Therapeutic effects of cell-permeant peptides that activate G proteins downstream of growth factors

Ma GS, Aznar N, Kalogriopoulos N, Midde KK, Lopez-Sanchez I, Sato E, Dunkel Y, Gallo RL, Ghosh P. Therapeutic effects of cell-permeant peptides that activate G proteins downstream of growth factors. Proc Natl Acad Sci U S A. 2015 May 19;112(20):E2602-10. doi:10.1073/pnas.1505543112. PMID: 25926659 PMCID: PMC4443320

Abstract
In eukaryotes, receptor tyrosine kinases (RTKs) and trimeric G proteins are two major signaling hubs. Signal transduction via trimeric G proteins has long been believed to be triggered exclusively by G protein-coupled receptors (GPCRs). This paradigm has recently been challenged by several studies on a multimodular signal transducer, Gα-Interacting Vesicle associated protein (GIV/Girdin). We recently demonstrated that GIV’s C terminus (CT) serves as a platform for dynamic association of ligand-activated RTKs with Gαi, and for noncanonical transactivation of G proteins. However, exogenous manipulation of this platform has remained beyond reach. Here we developed cell-permeable GIV-CT peptides by fusing a TAT-peptide transduction domain (TAT-PTD) to the minimal modular elements of GIV that are necessary and sufficient for activation of Gi downstream of RTKs, and used them to engineer signaling networks and alter cell behavior. In the presence of an intact GEF motif, TAT-GIV-CT peptides enhanced diverse processes in which GIV’s GEF function has previously been implicated, e.g., 2D cell migration after scratch-wounding, invasion of cancer cells, and finally, myofibroblast activation and collagen production. Furthermore, topical application of TAT-GIV-CT peptides enhanced the complex, multireceptor-driven process of wound repair in mice in a GEF-dependent manner. Thus, TAT-GIV peptides provide a novel and versatile tool to manipulate Gαi activation downstream of growth factors in a diverse array of pathophysiologic conditions.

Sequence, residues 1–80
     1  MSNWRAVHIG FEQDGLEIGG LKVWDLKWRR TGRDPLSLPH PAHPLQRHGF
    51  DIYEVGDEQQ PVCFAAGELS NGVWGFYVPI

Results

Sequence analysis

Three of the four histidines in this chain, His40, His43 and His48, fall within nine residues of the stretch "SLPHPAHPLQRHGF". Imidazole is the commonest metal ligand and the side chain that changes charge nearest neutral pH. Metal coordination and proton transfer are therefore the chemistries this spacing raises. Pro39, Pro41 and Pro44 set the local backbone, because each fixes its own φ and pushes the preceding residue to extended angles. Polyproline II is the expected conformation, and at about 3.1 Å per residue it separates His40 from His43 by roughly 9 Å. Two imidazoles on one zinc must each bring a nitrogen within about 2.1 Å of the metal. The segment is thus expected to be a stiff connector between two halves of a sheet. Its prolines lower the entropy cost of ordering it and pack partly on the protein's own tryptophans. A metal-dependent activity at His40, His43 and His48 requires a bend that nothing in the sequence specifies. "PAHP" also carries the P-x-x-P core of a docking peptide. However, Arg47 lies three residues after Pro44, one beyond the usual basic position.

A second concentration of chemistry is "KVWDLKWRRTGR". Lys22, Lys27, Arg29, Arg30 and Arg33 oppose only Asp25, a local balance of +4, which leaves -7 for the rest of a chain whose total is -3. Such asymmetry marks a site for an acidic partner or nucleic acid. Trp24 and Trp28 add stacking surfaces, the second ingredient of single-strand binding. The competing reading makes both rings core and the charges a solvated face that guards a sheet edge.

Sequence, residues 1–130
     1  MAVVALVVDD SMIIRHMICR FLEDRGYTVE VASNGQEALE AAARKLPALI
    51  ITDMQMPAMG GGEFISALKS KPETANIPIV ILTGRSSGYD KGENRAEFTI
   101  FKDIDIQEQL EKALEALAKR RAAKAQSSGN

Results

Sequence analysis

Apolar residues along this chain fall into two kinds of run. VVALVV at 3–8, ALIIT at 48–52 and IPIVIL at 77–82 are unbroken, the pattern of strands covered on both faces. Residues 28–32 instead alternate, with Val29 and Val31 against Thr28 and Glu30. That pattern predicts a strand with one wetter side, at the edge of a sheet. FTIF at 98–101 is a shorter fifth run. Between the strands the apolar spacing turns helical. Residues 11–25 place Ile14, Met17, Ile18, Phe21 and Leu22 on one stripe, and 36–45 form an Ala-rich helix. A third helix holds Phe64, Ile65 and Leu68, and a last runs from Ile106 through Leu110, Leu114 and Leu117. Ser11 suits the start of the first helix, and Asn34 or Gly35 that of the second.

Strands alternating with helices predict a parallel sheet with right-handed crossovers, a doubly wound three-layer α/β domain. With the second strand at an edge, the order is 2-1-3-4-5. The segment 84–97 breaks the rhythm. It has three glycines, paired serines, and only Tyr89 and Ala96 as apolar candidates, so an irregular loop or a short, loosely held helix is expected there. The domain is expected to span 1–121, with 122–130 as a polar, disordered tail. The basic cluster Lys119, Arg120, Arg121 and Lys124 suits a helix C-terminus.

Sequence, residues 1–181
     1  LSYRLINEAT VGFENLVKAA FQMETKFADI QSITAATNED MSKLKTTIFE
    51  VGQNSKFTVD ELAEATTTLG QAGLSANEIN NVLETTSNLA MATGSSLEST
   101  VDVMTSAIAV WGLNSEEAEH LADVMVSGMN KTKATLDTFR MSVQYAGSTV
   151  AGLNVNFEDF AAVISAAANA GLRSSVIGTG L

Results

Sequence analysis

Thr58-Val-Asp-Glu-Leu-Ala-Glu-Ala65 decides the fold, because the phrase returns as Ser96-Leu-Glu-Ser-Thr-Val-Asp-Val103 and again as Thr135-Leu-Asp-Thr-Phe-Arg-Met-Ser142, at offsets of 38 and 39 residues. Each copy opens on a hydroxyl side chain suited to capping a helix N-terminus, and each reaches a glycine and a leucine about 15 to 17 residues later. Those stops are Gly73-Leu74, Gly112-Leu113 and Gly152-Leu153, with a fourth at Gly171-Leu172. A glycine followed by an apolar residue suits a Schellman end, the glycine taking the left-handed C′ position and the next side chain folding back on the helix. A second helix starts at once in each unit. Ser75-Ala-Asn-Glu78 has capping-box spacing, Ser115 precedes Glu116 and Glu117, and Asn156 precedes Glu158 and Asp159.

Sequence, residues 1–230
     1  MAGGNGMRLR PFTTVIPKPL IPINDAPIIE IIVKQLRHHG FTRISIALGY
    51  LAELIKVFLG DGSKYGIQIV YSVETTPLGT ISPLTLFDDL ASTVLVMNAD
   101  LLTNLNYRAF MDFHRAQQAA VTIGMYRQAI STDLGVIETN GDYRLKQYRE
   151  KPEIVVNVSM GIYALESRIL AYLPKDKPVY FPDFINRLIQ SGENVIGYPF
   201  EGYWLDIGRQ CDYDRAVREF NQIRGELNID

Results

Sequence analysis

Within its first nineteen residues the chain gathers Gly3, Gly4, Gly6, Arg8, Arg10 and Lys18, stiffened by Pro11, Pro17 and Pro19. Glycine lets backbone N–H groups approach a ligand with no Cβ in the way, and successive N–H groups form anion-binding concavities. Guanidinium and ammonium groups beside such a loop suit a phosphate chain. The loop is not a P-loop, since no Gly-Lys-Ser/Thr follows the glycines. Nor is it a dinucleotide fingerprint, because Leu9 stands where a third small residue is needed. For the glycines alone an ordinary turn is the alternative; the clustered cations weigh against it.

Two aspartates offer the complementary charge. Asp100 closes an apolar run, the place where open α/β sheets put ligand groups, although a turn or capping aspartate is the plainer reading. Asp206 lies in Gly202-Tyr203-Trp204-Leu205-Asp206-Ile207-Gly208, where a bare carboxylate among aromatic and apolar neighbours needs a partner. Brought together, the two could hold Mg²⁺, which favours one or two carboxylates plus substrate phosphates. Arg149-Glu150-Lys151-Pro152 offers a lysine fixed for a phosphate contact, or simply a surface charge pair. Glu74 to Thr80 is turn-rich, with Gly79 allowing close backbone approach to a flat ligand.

KEYWORDS: cell-permeable GIV/Girdin peptide; fibrosis; heterotrimeric G proteins; invasion; wound healing